You will enhance your critical and analytical skills and gain hands-on experience in the diagnosis of veterinary diseases, such that you may identify problems, formulate hypotheses, design experiments, acquire and interpret data, and draw conclusions.
This programme is studied full-time over one academic year.
Example module listing
The following modules are indicative, reflecting the information available at the time of publication. Please note that not all modules described are compulsory and may be subject to teaching availability and/or student demand.
This is a full or part-time programme, intended mainly for graduates, those already working in veterinary diagnostic/research laboratories and staff from other laboratories who want to enhance their understanding of the role of microorganisms in animal health and disease.
Pharmaceutical research personnel, policymakers, veterinarians, public health personnel and environmental biologists will also benefit.
Most modules are offered as standalone short courses. The fee structure for short courses is different to that for registered students, and details may be obtained via admissions enquiries, please refer to the contact details on this page.
The option to study the MSc on a part-time basis is only available following successful completion of three modules as stand-alone/CPD. Please contact the [email protected] for further information.
This Masters programme is delivered by a consortium comprising the University of Surrey and two world class veterinary microbiology institutions: the BBSRC funded Pirbright Institute (PI), and the Government sponsored Animal & Plant Health Agency (APHA).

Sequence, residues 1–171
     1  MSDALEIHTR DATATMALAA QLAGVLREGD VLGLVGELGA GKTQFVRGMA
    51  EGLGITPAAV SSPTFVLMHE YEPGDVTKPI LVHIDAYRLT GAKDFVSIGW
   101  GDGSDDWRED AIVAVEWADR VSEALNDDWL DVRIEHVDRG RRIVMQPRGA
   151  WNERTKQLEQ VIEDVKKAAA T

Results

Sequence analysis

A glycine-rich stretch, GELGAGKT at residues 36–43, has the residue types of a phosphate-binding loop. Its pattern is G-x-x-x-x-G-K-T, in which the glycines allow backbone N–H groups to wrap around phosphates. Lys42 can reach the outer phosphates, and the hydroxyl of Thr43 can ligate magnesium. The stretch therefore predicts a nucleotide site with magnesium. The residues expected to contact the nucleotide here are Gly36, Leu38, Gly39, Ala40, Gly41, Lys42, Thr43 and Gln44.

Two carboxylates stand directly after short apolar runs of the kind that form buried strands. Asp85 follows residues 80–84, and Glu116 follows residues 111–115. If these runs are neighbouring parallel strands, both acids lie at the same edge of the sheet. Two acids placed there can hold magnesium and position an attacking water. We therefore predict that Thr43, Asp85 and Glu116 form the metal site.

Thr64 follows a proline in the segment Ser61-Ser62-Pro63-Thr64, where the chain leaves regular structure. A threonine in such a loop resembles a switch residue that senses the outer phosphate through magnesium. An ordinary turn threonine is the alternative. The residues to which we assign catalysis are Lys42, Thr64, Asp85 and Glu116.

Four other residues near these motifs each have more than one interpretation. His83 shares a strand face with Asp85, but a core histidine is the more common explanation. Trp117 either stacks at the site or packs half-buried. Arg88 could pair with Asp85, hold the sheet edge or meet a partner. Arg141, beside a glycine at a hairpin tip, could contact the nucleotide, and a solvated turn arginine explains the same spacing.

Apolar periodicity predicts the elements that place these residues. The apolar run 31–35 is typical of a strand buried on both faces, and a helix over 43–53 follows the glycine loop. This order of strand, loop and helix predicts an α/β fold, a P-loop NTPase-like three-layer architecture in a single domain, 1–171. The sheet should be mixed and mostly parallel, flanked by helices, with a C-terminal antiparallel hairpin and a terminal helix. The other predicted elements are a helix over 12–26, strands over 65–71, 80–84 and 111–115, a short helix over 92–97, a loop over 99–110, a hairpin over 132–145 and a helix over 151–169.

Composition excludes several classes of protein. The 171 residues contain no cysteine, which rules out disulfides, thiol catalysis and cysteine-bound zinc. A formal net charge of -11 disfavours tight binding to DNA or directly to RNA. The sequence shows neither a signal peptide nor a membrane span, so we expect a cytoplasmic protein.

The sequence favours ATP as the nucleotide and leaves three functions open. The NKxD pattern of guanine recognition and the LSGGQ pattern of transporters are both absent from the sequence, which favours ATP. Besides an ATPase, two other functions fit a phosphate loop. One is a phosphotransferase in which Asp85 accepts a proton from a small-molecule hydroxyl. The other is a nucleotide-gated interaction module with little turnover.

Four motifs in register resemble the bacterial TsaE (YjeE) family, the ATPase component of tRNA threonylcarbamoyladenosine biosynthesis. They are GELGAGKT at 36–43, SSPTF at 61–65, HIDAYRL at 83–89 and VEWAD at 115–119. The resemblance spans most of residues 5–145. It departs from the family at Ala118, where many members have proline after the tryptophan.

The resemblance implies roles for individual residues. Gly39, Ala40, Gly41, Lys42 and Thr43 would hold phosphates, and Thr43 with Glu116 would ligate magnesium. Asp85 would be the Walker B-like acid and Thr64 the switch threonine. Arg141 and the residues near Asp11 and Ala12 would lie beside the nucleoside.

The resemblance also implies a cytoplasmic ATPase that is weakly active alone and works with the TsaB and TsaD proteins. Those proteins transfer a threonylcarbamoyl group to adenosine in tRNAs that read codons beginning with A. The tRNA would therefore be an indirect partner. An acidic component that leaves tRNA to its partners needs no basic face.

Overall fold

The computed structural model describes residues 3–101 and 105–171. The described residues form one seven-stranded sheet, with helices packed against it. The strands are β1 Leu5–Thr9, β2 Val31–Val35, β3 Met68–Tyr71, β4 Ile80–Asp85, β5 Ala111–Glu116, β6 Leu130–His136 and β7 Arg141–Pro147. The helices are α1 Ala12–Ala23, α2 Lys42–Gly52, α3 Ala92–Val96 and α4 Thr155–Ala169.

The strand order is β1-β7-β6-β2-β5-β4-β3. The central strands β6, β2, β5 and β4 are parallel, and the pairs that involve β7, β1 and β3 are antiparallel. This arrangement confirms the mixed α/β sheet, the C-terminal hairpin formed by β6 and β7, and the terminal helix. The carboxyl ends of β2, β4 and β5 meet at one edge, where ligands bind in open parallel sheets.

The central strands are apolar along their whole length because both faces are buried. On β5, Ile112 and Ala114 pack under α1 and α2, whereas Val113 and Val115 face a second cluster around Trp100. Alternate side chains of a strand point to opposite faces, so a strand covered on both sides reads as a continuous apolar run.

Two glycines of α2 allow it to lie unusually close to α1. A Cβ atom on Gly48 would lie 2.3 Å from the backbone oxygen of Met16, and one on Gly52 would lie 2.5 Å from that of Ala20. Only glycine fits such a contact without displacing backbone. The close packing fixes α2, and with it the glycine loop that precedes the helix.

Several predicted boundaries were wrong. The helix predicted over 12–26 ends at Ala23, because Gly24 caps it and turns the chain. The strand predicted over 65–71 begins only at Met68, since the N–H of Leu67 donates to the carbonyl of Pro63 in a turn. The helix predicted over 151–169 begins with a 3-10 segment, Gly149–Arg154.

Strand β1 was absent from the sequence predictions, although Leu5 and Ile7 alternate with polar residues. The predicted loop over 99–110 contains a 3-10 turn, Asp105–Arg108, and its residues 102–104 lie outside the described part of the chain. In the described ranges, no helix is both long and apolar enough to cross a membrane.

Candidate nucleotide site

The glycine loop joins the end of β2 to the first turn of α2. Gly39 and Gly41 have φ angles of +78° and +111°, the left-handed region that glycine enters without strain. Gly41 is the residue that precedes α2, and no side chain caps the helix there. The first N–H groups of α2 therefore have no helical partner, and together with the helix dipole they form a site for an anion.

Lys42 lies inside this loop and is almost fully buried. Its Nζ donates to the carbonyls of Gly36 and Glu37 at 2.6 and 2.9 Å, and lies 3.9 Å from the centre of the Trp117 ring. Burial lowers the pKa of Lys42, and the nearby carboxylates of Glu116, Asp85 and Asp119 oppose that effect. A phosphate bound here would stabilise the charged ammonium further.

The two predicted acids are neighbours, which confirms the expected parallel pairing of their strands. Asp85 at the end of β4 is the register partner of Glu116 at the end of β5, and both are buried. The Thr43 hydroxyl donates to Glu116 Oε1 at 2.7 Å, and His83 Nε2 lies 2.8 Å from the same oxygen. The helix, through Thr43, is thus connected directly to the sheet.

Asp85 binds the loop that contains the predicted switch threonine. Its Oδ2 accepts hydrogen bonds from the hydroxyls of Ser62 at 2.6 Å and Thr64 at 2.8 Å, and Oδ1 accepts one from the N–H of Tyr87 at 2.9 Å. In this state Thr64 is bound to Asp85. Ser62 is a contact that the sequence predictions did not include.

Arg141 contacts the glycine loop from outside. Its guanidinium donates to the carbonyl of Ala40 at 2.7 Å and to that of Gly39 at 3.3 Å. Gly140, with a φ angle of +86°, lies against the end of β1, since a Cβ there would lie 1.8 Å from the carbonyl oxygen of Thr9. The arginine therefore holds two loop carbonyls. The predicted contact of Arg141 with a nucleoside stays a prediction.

The Veterinary Medicines Directorate (VMD) and Public Health England (PHE) also contribute to the programme.
You will have the unique opportunity to gain hands-on experience in the diagnosis of important veterinary diseases within the world reference laboratories of the APHA and Pirbright Institute (PI).
There will also be an opportunity to visit Public Health England (PHE) to gain a detailed knowledge of how zoonotic diseases outbreaks are investigated, and to visit the Veterinary Medicines Directorate (VMD), a livestock abattoir and an intensive livestock farm.
Colleagues from the CEFAS laboratory will also contribute to the programme, and further research training will be provided during your practical research project.
This is a one year full-time programme aimed at preparing graduates to work in a range of fields in which a detailed understanding of veterinary microbiology is a valuable asset.
These fields include research, commerce, government and policy, reference laboratory and diagnostic work, epidemiology and disease mapping, veterinary science, farming especially animal production, wild and zoo animal conservation and education.
As such, it is intended that graduates will achieve the highest levels of professional understanding of veterinary microbiology within a range of contexts.
The programme combines the study of the theoretical foundations of, and scholarly approaches to, understanding the application and various practices of veterinary microbiology within the contexts described above along with the development of practical and research skills.
The main aims are to enable students to:
The programme provides opportunities for students to develop and demonstrate knowledge and understanding, skills, qualities and other attributes in the following areas.
The learning outcomes have been aligned with the descriptor for qualification at level 7 given in the Framework for Higher Education Qualifications (FHEQ) produced by the Quality Assurance Agency (QAA) for Higher Education.
Knowledge and understanding
Following completion of the programme, students should display knowledge of:
Following completion of the programme, students should be able to:
Professional practical skills